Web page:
Seasonal sea surface microplastic distribution was recorded at 17 sites along the Israeli Mediterranean coast. Microplastics (0.3–5 mm) were found in all samples, with a mean abundance of 7.68 ± 2.38 particles/m3 or 1,518,340 particles/km2. Some areas had higher abundances of microplastics than others, although differences were neither consistent nor statistically significant. In some cases microplastic particles were found floating in large patches. One of these patches contained an extraordinary number of plastic particles; 324 particles/m3 or 64,812,600 particles/km2. Microplastic abundances in Israeli coastal waters are disturbingly high; mean values were 1–2 orders of magnitude higher than abundances reported in other parts of the world. Light-colored (white or transparent) fragments were by far more abundant than all other microplastic colors and types. The results of this study underline the need for action to reduce the flux of plastics to the marine environment.

Noam van der Hal, Asaf Ariel, Dror L. Angel, Marine Pollution Bulletin, Volume 116, Issues 1–2, 15 March 2017, Pages 151–155

The article

Micro- and mesoplastics in Northeast Levantine coast of Turkey: The preliminary results from surface samples

The determination of the microplastic distribution will be beneficial as a measure of the potential effects on the environment. The Mediterranean Sea had a high risk of pollution as it was enclosed by highly populated and industrialized countries. Here, we determined the level of micro- and mesoplastic pollution in Iskenderun and Mersin Bays, located in the Northeastern Levantine coast of Turkey. The average level of both micro- and mesoplastic was determined to be 0.376 item/m2 at seven stations. The highest level was determined in Mersin Bay at the mouth of the Seyhan river (Station no. 7, with 906 items), and the lowest level was found in Station no. 4 in Iskenderun Bay (78 items). As a result of this study, it was determined that the microplastic pollution level in the Mediterranean coast of Turkey was similar to the other regions of the Mediterranean Sea.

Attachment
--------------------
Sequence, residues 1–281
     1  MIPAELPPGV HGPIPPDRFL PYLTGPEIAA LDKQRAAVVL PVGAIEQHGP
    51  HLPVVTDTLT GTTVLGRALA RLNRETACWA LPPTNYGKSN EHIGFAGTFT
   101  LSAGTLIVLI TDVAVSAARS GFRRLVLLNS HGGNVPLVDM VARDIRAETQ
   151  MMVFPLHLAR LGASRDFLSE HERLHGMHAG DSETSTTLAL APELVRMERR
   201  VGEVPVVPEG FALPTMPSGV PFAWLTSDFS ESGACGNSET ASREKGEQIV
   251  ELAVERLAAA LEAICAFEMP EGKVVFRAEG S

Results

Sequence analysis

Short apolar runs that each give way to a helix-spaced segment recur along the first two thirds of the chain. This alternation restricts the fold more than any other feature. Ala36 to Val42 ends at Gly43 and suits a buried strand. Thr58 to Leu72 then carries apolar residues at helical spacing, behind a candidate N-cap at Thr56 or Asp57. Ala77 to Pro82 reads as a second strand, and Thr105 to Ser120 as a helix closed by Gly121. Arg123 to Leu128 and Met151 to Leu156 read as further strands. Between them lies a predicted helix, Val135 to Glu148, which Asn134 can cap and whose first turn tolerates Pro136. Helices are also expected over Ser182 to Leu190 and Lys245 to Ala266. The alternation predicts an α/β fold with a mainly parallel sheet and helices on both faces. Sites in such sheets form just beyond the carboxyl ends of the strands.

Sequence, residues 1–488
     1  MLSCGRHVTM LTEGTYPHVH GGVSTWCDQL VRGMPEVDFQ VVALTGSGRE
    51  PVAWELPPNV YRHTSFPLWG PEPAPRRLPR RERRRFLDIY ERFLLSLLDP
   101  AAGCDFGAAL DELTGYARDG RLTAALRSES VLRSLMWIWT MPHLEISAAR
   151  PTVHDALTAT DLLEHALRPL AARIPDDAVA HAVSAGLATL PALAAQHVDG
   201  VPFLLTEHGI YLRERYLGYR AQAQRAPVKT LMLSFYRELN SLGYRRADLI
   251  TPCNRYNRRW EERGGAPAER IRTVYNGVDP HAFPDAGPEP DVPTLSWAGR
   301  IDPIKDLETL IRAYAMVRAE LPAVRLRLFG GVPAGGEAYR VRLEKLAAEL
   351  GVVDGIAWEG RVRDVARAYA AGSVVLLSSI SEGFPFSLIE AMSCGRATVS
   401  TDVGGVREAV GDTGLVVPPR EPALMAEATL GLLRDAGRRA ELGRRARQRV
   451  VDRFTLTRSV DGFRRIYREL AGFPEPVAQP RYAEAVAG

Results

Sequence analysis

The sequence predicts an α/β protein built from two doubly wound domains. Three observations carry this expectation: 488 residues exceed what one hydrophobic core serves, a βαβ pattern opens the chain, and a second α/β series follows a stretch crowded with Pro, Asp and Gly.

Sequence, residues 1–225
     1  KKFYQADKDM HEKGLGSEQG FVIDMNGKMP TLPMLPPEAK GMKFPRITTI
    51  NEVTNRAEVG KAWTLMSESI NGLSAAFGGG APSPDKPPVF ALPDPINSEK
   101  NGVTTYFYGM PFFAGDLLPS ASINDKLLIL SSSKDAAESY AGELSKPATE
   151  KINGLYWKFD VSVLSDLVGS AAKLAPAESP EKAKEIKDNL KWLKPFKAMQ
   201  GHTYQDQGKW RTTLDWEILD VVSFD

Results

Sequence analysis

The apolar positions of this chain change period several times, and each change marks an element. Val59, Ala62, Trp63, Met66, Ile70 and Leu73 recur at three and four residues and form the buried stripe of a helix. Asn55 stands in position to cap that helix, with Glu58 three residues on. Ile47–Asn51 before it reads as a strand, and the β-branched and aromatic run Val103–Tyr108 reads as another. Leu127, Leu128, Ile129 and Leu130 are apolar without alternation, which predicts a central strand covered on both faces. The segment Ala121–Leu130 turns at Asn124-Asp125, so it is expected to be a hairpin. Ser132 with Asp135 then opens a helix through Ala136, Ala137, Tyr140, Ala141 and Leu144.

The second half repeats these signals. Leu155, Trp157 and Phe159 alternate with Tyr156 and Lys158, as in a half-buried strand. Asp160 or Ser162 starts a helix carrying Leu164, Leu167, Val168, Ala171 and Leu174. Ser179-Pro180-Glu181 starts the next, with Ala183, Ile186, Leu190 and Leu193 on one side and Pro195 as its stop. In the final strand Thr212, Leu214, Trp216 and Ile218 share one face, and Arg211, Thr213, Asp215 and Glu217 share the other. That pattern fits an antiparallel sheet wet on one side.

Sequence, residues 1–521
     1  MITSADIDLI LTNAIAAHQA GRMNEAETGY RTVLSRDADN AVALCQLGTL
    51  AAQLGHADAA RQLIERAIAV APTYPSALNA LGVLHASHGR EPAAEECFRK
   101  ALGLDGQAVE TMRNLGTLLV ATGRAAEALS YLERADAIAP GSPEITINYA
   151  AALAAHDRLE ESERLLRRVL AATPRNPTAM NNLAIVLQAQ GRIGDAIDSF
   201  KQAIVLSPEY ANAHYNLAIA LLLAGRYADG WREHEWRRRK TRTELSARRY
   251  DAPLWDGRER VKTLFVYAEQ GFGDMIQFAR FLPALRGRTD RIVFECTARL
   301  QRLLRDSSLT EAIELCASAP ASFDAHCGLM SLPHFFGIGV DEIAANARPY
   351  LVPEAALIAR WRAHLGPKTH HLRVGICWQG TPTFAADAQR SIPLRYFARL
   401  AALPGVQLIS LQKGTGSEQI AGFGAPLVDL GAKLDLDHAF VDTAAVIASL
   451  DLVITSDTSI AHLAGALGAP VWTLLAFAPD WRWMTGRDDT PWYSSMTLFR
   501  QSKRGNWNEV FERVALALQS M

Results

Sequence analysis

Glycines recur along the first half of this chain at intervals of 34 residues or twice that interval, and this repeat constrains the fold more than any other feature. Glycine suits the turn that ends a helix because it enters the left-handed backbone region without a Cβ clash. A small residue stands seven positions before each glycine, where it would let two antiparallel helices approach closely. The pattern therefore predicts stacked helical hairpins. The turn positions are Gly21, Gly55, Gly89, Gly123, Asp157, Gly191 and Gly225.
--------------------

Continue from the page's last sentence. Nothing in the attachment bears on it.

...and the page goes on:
Sedat Gündoğdu, Cem Çevik, Marine Pollution Bulletin, Volume 118, Issues 1–2, 15 May 2017, Pages 341–347

The article

The first assessment of marine debris in a Site of Community Importance in the north-western Adriatic Sea (Mediterranean Sea)

At present, few studies have investigated the marine litter abundance, composition and distribution on rocky bottoms due to sampling constraints. We surveyed by means of the ROV imaging technique a system of biogenic rocky outcrops classified as a Site of Community Importance in the Adriatic Sea. A mean density of 3.3 (± 1.8) items/100 m2 was recorded, with a strong dominance of fishing- and aquaculture-related debris, accounting for 69.4% and 18.9% of the total, respectively. The abundance of litter over the rocky bottoms was significantly higher than that on soft substrates, and its spatial distribution proved to be related to hydrographic factors. Litter-fauna interactions were high, with most of the debris (65.7%) entangling or covering benthic organisms, in particular habitat constructors such as the endangered sea sponge Geodia cydonium. Unless appropriate measures are undertaken to address this problem, the abundance of marine litter in the area is likely to increase.

Valentina Melli, Michela Angiolillo, Francesca Ronchi and al., Marine Pollution Bulletin, Volume 114, Issue 2, 30 January 2017, Pages 821–830

The article

Sources, composition and spatial distribution of marine debris along the Mediterranean coast of Israel

Marine debris (litter) is a complex problem that affects human activities and the marine environment worldwide. The Clean Coast Program in Israel has had some success in keeping most of the coasts clean most of the time, but without understanding the mechanisms of accumulation of marine debris on the coasts of Israel. In 2012, we initiated a study to characterize the types of marine debris, its origins and spatial distribution. Nineteen surveys were done from June 2012 to March 2015 on eight beaches that spanned the coast of Israel. Average debris density was 12.1 items per 100 m2 and 90% of the items were plastic. The top debris categories were food wrappers and disposables, plastic bags and cigarette butts. However, there was variation in the top debris categories among the beaches indicating that a flexible approach with multiple options will be important when addressing the marine debris problem.

Galia Pasternak, Dov Zviely, Christine A. Ribic, Asaf Ariel, Ehud Spanier, Marine Pollution Bulletin, Volume 114, Issue 2, 30 January 2017, Pages 1036–1045

The article